Special Report from the Road: Culpeper's State Theatre Features Endstation Theatre Company and Their Rocking TWO GENTLEMEN OF VIRGINIA On Tour
SPECIAL REPORT FROM THE ROAD:
Welcome to the first of a series of reports from the outskirts of the big cities! For the next couple of weeks, I will be visiting some of the smaller cities and towns around that all share one thing in common: cultural gems that dot the landscape. Washington, DC, Baltimore, Norfolks and Richmond are certainly hubs of museums, live theatre, concerts and other events. On a smaller scale, so do many of the less populated communities that stretch beyond the Beltway and are away from I-95.
Today, I present to you Culpeper. In the spirit of full disclosure: I live in Culpeper even though I cover theatre for the huge DC market. Later in the series, I will be reporting from some of the other cities and town that contain exciting centers for theatre and culture. For, now, I offer my report and review on both Culpeper's State Theatre and a theatre company that is usually at home miles away.
ABOUT THE STATE THEATRE: Residents of DC and the metropolitan area certainly hit the road during the summer months, as do folks from thehistoric capital of Virginia and all around the Commonwealth. As people pass through the towns and hamlets, they may have traveled up or down Route 29/15 though Culpeper County. An area steeped in history and boasting many fine restaurants and shops, the cultural jewel of downtown Culpeper is the State Theatre. After serving as a movie theatre for many years, the theatre has spent years boarded up and in disrepair. A grassroots campaign and homegrown effort to save the theatre began during more than a decade ago, and in 2012, the refurbished playhouse and movie theatre reopened.
The State Theatre offers an array of theatrical and musical events throughout the year. Family programming, such as classic films, mix with a variety of musicians and touring productions for a full service venue. With a commitment to Virginia-based artists, the State Theatre invited Endstation Theatre Company to take their recent summer play on the road and head indoors. Culpeper's gain should make other communities envious, judging from the enthusiastic reception of TWO GENTLEMEN OF VIRGINIA.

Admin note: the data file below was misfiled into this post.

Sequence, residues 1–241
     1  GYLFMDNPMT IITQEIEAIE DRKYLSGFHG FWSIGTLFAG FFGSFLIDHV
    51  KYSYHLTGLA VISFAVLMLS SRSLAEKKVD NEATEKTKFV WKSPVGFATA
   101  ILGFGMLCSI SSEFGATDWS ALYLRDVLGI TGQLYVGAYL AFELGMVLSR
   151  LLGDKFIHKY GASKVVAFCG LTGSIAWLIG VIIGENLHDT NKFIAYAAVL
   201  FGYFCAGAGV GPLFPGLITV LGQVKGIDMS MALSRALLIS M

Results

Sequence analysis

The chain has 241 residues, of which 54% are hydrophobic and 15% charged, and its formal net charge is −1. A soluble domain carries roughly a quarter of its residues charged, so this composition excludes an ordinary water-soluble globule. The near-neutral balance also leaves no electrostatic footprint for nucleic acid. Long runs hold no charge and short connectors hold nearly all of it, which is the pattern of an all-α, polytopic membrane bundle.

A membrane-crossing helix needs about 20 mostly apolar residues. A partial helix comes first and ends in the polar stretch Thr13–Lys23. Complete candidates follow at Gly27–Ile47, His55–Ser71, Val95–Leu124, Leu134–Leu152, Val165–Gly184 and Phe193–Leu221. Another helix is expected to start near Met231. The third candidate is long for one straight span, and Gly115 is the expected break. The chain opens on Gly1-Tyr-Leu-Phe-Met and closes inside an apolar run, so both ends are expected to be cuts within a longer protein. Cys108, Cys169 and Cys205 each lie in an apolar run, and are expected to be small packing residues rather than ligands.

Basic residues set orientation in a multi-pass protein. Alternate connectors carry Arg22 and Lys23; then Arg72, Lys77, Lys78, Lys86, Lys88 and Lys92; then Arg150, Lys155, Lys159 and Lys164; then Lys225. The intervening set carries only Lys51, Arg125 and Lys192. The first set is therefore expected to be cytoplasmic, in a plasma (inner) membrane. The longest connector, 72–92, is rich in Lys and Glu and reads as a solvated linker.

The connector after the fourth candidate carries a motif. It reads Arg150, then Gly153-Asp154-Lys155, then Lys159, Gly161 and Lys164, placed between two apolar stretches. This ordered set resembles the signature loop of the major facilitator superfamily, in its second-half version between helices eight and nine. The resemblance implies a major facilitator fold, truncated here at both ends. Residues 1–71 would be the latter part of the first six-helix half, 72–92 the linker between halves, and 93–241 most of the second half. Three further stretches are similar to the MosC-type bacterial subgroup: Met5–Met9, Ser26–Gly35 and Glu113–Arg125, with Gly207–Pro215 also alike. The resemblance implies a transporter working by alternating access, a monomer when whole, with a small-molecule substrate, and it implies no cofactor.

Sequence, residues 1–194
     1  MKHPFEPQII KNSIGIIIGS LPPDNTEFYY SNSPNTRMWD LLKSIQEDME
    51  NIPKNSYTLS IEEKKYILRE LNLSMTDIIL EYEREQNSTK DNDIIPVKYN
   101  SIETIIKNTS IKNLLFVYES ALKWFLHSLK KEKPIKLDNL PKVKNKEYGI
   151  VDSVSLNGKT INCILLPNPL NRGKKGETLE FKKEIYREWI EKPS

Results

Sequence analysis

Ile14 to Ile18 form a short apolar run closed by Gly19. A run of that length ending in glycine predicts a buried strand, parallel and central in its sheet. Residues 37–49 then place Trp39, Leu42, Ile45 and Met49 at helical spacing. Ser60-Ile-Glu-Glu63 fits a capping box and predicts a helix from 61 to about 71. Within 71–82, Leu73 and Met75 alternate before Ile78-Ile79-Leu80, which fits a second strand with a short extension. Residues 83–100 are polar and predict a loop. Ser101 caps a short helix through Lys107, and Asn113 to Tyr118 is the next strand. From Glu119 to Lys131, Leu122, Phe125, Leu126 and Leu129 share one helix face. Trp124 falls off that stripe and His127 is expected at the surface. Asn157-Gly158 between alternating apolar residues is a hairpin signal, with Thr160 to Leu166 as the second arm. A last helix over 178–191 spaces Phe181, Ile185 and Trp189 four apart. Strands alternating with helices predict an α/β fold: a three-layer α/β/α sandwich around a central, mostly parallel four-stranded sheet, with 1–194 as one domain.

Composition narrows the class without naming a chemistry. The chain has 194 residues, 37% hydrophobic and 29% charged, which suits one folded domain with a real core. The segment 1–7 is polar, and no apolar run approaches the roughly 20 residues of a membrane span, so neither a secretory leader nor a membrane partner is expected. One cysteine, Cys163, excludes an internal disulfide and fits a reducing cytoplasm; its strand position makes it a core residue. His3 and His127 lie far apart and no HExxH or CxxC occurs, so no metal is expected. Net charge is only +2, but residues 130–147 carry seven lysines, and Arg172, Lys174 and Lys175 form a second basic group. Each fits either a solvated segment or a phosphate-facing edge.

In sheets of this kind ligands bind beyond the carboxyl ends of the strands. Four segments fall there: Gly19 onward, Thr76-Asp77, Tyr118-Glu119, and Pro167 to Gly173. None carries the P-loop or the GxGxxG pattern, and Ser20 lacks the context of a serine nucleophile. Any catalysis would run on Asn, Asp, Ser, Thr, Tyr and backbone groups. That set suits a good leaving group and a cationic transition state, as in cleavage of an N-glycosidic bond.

ENDSTATION THEATRE COMPANY: You might not have heard of the Central Virginia-based Endstation Theatre Company but you need to track them down. Founded in 2006 and usually based near their artistic home in Lynchburg, Endstation Theatre Company has made a name for itself for a number of years with dynamic productions of Shakespeare and carefully selected new works. Earlier in this summer, TWO GENTLEMEN OF VIRGINIA played under the stats on the campus of the beleaguered Sweet Briar College and the grounds of Thomas Jefferson's Poplar Forest. The young company brought their comic mash-up of Shakespeare, history and 1980s pop culture to the State Theatre in Culpeper and here's the deal: you missed out!
TWO GENTLEMEN OF VIRGINIA: Boasting youthful energy and boundless creativity, the small but mighty company did not perform a straight-laced rendering of Shakespeare's early comedy. The script by Walter Kmiec & Jude Falnnelly used the original play as a theme and variations to wonderful effect. Perhaps Shakespeare might not have recognized the show he wrote since it was not taken page-by-page from his comedic tale of friendship, infidelity and cross-dressing. I think the Bard would have been thoroughly entertained by the skillfully paved intersection of historical references from the 1780s and rock and roll memories of the 1980s.
Directed with emphasis on speed and creativity by co-writer Walter Kmeic, TWO GENTLEMEN easily adapted from its previous outdoor venues to the classy surroundings of the State Theatre. In classic Shakespearean performance style, the production was stripped of all but the most essential props, suggested costumes, and quick-changes galore.